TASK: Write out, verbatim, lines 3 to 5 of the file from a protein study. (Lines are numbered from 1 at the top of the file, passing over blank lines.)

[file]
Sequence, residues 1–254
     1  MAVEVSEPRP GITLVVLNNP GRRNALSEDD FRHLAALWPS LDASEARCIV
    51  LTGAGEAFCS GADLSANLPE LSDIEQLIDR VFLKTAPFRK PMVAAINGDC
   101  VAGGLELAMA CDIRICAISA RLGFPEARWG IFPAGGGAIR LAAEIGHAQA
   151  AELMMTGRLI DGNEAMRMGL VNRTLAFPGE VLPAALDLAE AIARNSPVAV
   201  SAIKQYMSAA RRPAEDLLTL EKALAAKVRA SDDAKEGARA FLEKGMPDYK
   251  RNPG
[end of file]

    51  LTGAGEAFCS GADLSANLPE LSDIEQLIDR VFLKTAPFRK PMVAAINGDC
   101  VAGGLELAMA CDIRICAISA RLGFPEARWG IFPAGGGAIR LAAEIGHAQA
   151  AELMMTGRLI DGNEAMRMGL VNRTLAFPGE VLPAALDLAE AIARNSPVAV